In his best-selling book, he explains six psychological principles and behavioral patterns underlying influence. These generally provide our brain with "mental shortcuts" to work more efficiently and free up its capacities for other tasks. Advertising professionals and marketing experts, on the other hand, translate the principles into sophisticated advertising and sales strategies.

The first principle, reciprocation, states that people generally return favors. Otherwise, society as we know it could not exist. In marketing, this principle is used, for example, through free samples. And in the good cop/bad cop strategy, the "good cop" accommodates the suspect in the hope that he will pay off his "debt" by confessing.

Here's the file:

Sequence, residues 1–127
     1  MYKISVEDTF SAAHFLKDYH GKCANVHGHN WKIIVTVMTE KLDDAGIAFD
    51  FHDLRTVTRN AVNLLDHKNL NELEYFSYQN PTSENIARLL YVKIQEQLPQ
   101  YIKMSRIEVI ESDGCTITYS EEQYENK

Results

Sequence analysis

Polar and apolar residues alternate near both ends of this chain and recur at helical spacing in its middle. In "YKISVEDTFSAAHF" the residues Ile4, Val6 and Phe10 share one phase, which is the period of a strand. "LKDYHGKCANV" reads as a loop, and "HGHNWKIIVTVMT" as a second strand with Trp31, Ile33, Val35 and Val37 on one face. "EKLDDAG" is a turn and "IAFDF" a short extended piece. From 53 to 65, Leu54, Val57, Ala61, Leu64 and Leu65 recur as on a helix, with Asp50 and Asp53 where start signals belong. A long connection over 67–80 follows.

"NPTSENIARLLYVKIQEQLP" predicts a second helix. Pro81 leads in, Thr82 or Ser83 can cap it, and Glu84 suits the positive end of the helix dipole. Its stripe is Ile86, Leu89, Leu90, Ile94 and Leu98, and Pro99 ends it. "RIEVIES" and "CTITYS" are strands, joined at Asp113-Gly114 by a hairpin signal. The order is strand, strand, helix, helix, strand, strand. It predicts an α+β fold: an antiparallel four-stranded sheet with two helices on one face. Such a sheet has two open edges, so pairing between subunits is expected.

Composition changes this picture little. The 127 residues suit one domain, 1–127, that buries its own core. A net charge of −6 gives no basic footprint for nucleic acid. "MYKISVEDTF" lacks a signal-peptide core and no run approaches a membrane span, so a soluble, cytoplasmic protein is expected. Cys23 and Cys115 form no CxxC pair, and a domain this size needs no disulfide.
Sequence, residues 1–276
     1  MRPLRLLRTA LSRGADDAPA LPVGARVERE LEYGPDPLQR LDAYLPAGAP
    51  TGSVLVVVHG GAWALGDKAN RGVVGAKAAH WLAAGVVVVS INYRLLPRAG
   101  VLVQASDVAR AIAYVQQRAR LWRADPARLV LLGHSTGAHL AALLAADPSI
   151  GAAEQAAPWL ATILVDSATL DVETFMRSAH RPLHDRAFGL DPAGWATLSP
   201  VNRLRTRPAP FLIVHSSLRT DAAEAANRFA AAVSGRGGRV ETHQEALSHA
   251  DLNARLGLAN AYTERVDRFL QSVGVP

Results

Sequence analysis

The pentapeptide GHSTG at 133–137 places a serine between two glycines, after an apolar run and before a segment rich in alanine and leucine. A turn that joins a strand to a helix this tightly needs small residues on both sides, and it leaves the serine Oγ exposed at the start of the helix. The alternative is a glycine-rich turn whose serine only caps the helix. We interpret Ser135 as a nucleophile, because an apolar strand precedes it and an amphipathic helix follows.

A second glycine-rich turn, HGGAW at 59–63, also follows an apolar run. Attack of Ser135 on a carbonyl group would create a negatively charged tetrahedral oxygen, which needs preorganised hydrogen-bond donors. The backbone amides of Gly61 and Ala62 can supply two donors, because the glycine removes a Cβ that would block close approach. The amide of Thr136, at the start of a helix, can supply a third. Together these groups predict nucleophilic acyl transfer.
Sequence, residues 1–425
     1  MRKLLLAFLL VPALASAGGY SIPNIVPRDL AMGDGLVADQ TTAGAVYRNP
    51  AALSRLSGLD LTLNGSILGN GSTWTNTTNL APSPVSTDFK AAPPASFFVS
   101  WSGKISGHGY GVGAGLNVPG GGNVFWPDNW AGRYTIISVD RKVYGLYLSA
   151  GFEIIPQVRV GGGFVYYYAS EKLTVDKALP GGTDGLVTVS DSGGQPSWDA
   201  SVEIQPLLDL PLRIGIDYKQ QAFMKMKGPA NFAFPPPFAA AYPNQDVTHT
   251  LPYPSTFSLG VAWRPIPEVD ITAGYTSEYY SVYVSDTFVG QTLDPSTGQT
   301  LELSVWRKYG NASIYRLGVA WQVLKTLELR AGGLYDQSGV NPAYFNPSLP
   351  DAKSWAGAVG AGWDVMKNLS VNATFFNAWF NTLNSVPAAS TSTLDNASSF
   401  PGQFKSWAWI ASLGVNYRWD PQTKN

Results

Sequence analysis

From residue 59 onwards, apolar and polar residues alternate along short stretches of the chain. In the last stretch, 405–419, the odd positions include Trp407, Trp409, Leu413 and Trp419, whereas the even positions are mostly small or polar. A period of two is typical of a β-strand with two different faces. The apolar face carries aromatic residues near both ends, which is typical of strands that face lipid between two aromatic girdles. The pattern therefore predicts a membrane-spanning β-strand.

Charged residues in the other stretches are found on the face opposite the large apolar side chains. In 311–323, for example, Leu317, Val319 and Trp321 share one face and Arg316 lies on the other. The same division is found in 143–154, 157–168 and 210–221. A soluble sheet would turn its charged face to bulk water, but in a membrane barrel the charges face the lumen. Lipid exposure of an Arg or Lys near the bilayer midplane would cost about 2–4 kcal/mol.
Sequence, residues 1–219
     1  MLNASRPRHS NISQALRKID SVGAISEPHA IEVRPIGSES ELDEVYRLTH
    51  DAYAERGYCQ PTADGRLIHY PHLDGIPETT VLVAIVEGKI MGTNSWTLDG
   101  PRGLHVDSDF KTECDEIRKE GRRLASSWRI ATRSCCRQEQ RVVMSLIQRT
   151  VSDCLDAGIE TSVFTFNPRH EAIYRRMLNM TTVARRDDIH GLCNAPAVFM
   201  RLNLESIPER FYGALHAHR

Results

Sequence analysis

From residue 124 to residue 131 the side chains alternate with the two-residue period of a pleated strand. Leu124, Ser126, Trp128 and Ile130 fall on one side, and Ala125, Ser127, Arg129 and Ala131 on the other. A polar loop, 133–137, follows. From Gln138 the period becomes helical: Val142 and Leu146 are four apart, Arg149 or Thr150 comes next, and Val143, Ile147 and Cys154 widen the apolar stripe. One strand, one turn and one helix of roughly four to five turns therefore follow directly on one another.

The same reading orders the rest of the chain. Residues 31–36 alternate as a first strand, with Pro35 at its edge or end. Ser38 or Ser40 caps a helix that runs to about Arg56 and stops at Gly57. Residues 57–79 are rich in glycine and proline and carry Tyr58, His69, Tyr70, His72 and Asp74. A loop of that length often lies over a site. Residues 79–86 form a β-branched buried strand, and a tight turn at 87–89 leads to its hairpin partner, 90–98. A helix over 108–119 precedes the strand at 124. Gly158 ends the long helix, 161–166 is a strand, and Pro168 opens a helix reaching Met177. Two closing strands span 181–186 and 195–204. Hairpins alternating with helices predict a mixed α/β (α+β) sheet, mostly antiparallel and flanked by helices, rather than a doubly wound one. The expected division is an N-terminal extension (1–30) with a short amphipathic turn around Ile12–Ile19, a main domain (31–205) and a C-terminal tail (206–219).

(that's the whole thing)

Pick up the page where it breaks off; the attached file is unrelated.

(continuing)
The second principle, commitment and consistency, leads us – once we have made a decision or taken a stand – to behave congruently with that position. This principle saves us from having to constantly rethink decisions once they have been made. The principle is used, for example, in the "money-back guarantee": once we have bought a product, we usually keep it.

The third principle, social proof, lets us adopt the actions of our fellow human beings – especially those close to us. Children learn in this way. We adults, for example, like to use testimonials and reviews to help us decide for or against a particular product. In this case, both parties are pulling in the same direction (as long as the reviews are genuine, of course).